Essential Architecture- New England

Knights of Columbus Building


Roche & Dinkeloo


New Haven, CT


1965-69 (S:1967)




Brick clad steel frame


Office Building
  a: general view, photo, M. Brack. and lower view, photo 1971, J. Nicholais (Drexel U.).
  c: exterior detail, photo 1971, J. Nicholais (Drexel U.).
Located in New Haven, Connecticut. Finished in 1969, this reinforced concrete building is the second tallest building in the city's skyline. It was built next to the New Haven Coliseum, which the lead architect who was from the nearby Town of Hamden also designed.

Official Name: Knights Of Columbus Tower

Architect: Kevin Roche John Dinkeloo & Associates

Height: 321 ft (98 m)

Number of Floors: 23

Cross-Streets: Columbus Plaza, which is at the intersection of Church and George Streets in Downtown New Haven.


In spite of its dominance of the skyline, this skyscraper is relatively small, only 23 stories. Four massive corner piers form the corners and the floors, supported by steel beams, span the distance between the cylinders. A dark burned brickn was used for the facing.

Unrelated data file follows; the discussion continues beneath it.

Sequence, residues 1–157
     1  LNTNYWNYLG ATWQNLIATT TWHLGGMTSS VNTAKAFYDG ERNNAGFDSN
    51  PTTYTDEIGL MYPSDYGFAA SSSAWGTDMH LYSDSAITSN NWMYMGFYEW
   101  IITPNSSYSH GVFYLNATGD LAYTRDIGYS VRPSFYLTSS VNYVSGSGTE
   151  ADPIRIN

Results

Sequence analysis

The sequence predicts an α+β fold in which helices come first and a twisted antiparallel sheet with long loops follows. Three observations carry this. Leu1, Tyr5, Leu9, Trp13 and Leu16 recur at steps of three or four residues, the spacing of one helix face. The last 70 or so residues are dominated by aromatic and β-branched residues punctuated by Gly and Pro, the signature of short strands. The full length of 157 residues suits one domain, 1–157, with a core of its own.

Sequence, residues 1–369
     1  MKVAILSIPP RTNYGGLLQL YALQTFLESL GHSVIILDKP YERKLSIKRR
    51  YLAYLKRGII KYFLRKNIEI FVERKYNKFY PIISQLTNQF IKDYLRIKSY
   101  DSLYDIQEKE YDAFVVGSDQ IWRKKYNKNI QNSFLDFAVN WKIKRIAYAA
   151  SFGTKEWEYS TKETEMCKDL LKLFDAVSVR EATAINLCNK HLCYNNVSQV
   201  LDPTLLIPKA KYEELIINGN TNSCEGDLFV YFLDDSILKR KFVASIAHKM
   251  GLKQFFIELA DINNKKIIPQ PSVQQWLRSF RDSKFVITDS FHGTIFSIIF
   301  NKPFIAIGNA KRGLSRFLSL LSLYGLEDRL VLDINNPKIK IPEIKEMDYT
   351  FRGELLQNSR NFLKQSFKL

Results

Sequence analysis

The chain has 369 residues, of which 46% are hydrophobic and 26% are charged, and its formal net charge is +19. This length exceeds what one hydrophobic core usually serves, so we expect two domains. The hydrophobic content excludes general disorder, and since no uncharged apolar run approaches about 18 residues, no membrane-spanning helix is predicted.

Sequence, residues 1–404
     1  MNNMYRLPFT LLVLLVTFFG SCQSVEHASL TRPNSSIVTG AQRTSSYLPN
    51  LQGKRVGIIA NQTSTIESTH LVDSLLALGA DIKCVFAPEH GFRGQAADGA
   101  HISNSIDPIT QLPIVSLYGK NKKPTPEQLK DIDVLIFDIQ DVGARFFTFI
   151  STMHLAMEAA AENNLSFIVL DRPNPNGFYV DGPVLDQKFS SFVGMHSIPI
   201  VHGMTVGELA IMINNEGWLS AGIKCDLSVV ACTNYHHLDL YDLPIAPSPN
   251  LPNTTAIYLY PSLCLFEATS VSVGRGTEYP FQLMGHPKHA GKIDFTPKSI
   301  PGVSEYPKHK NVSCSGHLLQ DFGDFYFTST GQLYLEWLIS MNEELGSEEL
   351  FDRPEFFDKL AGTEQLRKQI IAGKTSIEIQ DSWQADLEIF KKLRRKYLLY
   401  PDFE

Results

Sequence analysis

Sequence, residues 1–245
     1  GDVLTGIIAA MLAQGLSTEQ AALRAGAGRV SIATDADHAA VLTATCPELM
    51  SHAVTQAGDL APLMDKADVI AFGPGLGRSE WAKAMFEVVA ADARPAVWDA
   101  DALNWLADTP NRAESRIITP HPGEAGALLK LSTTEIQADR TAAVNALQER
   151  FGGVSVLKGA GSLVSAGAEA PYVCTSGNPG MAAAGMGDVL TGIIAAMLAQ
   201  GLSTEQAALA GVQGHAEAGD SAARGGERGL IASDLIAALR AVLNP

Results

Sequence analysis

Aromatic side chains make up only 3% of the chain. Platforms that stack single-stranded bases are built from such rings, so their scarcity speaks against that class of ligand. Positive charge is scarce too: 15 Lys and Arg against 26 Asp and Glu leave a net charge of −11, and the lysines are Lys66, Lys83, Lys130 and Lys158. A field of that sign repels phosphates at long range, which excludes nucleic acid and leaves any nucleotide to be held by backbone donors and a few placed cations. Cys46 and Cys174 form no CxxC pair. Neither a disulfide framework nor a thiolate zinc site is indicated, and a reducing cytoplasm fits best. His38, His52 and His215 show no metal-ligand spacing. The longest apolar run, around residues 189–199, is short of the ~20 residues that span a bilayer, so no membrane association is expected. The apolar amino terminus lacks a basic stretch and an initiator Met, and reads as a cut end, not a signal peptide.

"The four corner cylinders of this office fortress are brick-concrete pipes; the ceiling joists are brown, weatherproof steel. The elevators operate within a central core, while escape stairs and sanitary facilities are housed inside the pipes. The Coliseum with its ice hockey stadium and multi-purpose hall occupies the neighbouring site beside the city expressway. A car-park for 2400 vehicles was created inside the huge, four-storey roof section and accessed via two spiral ramps."
—Peter Gossel and Gabriele Leuthauser. Architecture in the Twentieth Century. p300.

"A 23-story office building primarily faced with glass shaded by massive overhangs of weathering steel, it has at its four corners tile-sheathed, circular concrete columns that contain lavatories and fire stairs and, in conjunction with the building's elevator core, support its structural girders. Steel overhangs are omitted from its more gently handled bottom three stories."
—from Sylvia Hart Wright. Sourcebook of Contemporary North American Architecture: From Postwar to Postmodern. p109.

"The form of the 23-story tower building is derived in part from the construction method in which continuously poured concrete shafts were first erected full height. Primary steel spanning members were then placed in pockets in the corner pockets in the corner towers and secondary members were laid on these and attached into the elevator core."
—from Yukio Futagawa, ed. Kevin Roche, John Dinkeloo, and Associates, 1962-1975. p96.

Society of Architectural Historians

Special thanks to the Society of Architectural Historians
for some of the images on this page (copyright SAH).